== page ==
For all their media coverage, drones are not the most effective means of attack. In recent years terrorists have been using cars and trucks for attacks on crowds. “A truck is far more dangerous than a small drone,” Scharre said. And in the U.S., it is far easier and more effective to attack with a semiautomatic rifle than with a hobby drone.

Combating the Threat

The low cost and widening availability of drones demands new ways to fight them. Insurgent groups can spend just a few hundred dollars on a quadcopter and create huge amounts of disruption, while governments will need to spend billions on defensive technology.

Lieutenant General Michael Shields, director of the Pentagon's Joint Improvised-Threat Defeat Organization (JIDO), said militant groups will continue to improve drone technology to ensure greater disruption and “catastrophic effects on the battlefield.” The U.S. military is looking into both hardware and software defenses to combat the threat. “There is no one silver bullet,” Shield explained.

drone killer U.S. Marines test the Drone Killer Counter-UAS Technology during Urban Advanced Naval Technology Exercise 2018 at Marine Corps Base Camp Pendleton, California, on March 21. The U.S. military is working on a wide range of counter-drone measures. U.S. Marine Corps/Lance Cpl. Rhita Daniel/Handout via REUTERS

An innovative drone attack on a Russian air base in Syria in January may be a sign of things to come. Troops at the Khmeimim air base faced a swarm attack carried out by 13 homemade drones armed with small bombs attacking simultaneously. All were shot down before they could do any damage. The method was novel, but luckily for the Russians the drones were rudimentary.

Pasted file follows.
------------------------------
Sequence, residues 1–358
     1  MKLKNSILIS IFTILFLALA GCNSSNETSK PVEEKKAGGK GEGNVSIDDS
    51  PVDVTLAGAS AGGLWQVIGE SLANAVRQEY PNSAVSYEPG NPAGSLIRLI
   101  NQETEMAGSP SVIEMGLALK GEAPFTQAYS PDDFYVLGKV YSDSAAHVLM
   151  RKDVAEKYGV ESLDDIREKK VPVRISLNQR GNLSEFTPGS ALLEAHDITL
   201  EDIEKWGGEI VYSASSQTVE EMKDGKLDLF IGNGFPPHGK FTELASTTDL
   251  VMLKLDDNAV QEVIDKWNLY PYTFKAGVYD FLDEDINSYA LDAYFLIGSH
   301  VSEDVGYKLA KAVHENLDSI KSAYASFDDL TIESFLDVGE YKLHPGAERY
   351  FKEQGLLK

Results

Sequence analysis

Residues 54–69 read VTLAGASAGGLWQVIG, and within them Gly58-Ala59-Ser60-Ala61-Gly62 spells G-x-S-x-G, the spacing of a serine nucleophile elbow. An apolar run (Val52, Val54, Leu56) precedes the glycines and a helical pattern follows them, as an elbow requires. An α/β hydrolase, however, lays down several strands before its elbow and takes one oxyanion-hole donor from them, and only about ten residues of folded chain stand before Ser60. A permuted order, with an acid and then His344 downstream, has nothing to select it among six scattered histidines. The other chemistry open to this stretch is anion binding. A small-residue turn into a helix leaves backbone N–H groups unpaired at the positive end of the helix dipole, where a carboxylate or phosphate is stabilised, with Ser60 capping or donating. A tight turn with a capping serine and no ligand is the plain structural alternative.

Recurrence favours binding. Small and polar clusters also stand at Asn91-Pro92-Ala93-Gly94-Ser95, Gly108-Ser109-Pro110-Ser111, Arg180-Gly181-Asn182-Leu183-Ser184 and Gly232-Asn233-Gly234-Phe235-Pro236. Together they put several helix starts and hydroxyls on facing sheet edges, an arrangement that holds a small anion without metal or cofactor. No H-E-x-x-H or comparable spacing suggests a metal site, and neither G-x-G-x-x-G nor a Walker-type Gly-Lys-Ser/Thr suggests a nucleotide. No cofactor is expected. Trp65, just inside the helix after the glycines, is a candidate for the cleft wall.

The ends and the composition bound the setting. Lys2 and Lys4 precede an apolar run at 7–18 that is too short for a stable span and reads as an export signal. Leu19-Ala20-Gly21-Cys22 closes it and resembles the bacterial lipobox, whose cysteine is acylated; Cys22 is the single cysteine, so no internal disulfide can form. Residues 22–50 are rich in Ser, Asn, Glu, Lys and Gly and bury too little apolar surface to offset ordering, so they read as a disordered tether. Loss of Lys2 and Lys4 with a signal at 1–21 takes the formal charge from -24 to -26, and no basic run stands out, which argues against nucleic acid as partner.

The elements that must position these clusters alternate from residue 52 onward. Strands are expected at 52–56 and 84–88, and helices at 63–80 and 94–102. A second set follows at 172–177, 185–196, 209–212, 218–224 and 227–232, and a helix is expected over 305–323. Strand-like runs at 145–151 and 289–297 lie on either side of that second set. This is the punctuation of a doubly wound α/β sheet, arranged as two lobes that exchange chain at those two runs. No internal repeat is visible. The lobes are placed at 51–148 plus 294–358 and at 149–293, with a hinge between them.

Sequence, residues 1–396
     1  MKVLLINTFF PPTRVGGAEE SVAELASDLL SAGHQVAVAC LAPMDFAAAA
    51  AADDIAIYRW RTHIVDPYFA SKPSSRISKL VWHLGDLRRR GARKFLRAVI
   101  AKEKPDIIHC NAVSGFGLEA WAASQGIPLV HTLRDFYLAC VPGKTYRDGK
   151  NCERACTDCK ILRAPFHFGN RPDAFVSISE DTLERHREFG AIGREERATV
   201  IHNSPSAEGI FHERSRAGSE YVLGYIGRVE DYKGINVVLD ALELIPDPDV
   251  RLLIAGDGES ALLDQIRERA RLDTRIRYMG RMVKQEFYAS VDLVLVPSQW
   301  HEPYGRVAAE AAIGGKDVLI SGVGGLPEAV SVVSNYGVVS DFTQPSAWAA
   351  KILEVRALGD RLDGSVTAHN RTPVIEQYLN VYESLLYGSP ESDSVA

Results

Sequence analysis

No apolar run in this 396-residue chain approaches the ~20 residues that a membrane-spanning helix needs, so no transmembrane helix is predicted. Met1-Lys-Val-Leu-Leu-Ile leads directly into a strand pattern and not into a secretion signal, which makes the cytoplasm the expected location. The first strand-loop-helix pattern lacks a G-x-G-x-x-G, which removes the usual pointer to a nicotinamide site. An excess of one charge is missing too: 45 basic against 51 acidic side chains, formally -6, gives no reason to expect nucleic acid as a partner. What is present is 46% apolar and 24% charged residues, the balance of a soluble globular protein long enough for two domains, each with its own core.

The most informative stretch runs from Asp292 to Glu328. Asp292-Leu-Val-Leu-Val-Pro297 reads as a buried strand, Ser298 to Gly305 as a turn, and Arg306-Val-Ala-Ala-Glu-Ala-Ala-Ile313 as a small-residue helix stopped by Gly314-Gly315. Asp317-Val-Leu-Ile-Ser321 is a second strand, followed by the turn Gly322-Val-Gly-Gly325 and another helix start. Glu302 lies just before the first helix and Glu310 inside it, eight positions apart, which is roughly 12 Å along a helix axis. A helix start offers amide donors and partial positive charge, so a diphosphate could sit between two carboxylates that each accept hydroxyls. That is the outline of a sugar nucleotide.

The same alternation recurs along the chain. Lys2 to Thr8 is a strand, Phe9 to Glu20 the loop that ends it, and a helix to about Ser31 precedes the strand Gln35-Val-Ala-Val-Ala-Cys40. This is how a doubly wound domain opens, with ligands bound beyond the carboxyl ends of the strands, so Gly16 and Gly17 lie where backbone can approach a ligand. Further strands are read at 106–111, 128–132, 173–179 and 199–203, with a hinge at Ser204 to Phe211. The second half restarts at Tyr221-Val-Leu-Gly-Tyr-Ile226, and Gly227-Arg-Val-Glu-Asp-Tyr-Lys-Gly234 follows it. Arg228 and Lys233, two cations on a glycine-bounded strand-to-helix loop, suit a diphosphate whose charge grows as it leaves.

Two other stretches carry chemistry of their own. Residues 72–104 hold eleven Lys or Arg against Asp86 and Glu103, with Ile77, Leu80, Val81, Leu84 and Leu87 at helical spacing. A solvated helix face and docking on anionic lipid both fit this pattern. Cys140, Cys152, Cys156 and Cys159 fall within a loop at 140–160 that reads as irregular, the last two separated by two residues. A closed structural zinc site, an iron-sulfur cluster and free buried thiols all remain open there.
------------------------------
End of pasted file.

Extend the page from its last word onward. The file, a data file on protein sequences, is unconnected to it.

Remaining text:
Drones generally rely on a GPS or radio link to a human controller, which can be blocked or hijacked. As UAVs become more autonomous, this will be more difficult. An autonomous drone navigating visually could find and attack a target like a prominent building, politician, or just a crowd of people. And a swarm would be even deadlier.

“We haven't seen large swarm attacks yet, but it's coming, it's definitely going to happen,” Scharre said. The challenge then won’t be how to stop one drone, but rather how to counter 100.

Russian swarm attack drone An officer takes pictures of drones allegedly used during the swarm attack on a Russian bases in Syria, at a briefing in the Russian Defense Ministry headquarters, in Moscow, on January 11. KIRILL KUDRYAVTSEV/AFP/Getty Images

Drones remain a nascent technology. Defenses exist, but their suitability will vary in different situations. “Trucks full of lasers and machine guns might make more sense in a military context and less for defending a sporting event,” Scharre explained.

Anti-drone technology will have to improve to ensure security. However, insurgents will quickly respond to new defenses with updated tactics of their own. Even for experts like Scharre, “it’s too early to say exactly how it's going to pan out,” he said.